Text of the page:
After we have a rule and it has been tested, unit tested, and is being managed and versioned – there are 4 primary ways in which a rule can be used:
If there is an existing application that needs to be made more flexible and configurable, the Decisions no-code platform offers a simple set of API’s that allow rules to be called and consumed within an existing or custom application. These rules could even be consumed by legacy workflow systems like BizTalk or Pega.
The API’s offered by The Decisions Platform are
To integrate, there is an action on the rule that describes the service calls and how to configure them.
Web service details from another example:
Rules are also useful to separate out logic from within a workflow. While a workflow has the ability to run rules by configuration of paths, separating out into specific and discreet rules allows a break between ‘what is being done’ and ‘decisions that are made within that context’. Another benefit is rules are often more targeted to spots that the business logic owners are happy to work with.
To integrate a rule into a flow, simply find the rule and drag it into the flow, hook it the the right spot of the flow and configure its inputs.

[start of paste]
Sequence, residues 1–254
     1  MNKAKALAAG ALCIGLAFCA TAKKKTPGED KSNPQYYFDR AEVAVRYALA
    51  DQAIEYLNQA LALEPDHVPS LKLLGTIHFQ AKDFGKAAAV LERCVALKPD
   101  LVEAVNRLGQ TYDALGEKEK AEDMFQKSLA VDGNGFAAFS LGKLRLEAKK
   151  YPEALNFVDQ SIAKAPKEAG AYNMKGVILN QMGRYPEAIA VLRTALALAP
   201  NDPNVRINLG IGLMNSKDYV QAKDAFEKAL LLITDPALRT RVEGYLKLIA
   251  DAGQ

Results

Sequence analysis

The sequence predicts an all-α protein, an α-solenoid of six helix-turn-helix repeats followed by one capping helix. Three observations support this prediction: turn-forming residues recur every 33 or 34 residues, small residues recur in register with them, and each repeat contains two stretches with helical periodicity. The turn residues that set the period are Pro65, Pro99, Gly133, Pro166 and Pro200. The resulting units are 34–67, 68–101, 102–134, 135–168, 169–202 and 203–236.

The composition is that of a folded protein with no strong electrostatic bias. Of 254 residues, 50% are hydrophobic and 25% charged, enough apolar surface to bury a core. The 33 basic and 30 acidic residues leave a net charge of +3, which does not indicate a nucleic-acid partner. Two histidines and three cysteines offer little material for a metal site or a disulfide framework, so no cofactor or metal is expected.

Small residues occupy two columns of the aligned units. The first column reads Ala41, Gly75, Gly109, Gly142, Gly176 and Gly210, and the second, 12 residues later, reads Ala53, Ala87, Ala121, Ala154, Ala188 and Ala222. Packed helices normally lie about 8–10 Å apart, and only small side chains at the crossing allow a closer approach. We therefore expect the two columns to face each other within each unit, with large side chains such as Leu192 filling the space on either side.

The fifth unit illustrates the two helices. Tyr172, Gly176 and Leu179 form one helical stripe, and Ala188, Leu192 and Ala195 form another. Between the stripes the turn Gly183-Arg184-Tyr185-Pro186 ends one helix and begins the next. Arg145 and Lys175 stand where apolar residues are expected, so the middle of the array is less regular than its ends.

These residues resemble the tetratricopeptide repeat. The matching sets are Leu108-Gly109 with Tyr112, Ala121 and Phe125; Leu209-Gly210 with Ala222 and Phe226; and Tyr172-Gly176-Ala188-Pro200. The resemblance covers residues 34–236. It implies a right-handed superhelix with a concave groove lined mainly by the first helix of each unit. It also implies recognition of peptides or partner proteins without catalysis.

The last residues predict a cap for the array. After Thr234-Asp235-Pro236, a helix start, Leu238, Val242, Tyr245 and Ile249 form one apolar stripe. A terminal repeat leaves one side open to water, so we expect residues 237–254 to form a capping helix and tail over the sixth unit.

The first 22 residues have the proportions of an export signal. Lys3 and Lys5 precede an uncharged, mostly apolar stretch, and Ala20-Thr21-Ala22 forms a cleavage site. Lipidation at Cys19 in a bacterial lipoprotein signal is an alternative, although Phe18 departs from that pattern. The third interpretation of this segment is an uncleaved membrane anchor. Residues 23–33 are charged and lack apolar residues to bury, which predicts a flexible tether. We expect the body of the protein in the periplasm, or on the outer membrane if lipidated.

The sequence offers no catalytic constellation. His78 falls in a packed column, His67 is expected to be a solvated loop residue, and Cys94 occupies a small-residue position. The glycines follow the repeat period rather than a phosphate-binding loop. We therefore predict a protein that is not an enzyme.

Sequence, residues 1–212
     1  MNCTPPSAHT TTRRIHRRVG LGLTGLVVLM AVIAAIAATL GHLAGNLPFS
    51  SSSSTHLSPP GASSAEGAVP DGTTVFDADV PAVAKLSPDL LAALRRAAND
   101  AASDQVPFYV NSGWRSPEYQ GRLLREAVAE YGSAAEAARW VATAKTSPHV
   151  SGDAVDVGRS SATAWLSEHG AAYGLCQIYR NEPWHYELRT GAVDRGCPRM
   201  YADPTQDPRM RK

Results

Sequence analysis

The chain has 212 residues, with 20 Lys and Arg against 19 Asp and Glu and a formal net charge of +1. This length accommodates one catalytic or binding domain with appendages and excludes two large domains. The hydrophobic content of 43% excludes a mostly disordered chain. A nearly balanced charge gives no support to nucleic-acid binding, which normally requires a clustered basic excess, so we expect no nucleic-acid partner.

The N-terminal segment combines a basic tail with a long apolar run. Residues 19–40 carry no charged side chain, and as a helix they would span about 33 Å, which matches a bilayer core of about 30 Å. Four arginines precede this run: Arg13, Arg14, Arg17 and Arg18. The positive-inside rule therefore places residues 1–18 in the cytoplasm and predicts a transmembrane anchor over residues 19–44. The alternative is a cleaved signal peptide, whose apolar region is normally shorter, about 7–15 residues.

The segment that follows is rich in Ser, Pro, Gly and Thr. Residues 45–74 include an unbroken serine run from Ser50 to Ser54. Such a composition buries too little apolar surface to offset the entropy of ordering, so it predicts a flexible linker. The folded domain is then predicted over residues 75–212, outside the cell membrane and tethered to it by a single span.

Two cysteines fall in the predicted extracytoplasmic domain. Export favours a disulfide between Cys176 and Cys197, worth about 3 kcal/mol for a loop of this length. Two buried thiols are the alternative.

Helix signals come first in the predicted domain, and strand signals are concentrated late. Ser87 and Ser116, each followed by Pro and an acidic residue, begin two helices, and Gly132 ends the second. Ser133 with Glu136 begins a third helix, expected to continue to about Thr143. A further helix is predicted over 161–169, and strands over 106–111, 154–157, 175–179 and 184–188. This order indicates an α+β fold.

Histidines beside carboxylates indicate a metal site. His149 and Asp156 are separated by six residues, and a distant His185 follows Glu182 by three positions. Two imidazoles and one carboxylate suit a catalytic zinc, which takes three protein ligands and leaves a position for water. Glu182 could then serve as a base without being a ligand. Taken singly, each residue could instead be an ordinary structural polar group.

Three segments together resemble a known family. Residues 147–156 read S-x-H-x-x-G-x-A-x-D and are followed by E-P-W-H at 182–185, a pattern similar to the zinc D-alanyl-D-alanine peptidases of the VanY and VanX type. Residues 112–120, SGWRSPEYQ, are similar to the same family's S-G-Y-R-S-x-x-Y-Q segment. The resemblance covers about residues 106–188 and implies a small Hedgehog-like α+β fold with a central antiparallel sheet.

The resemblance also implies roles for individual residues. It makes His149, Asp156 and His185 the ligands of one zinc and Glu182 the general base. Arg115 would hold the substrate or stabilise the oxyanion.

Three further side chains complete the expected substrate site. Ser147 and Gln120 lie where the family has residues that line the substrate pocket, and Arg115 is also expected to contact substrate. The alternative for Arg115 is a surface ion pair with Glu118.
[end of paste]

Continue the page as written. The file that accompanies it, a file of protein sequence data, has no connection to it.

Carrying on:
And the easy to use mapping editor to help define relationships.
While consuming rules output within an external application or workflow makes sense, often rules might be expected to ‘trigger an action’.
This is a pattern that most people typically think of when they think of rules.
if [conditions] do [action]
Decisions supports this pattern both on a rule evaluating true or false.
The power of the workflow engine makes this really interesting. Rather than picking from a small list of granular actions (run command line, call service, send email, etc) the full power of the workflow engine including all of the integration capabilities can be used to form up new ‘actions’ to be used as results of rules.
Given the fact that the actions are ‘linked’ to the rule, they can also be configured to be reusable. So, if the action you want to take is as simple as calling a service or as complex as starting an approval or fulfillment workflow these are easily done as actions resulting from rules.
Rules also can be used interestingly integrated into the event mechanism of the platform. Rules can decide what events are interesting and which events should be ignored.
Events can be scheduled to a time period and configured as to what is being listened to. Using the rule engine to figure out what events are interesting and where to send them allows a very flexible and high performance filtering and routing.
The above list represents obvious ways to consume rules, but here are some more:
Routing to figure out what workflows to run
Providing data validation on an object
Deciding on data mapping between two systems
Providing form validation
Integrated with security do decide access rights
…. and much more…
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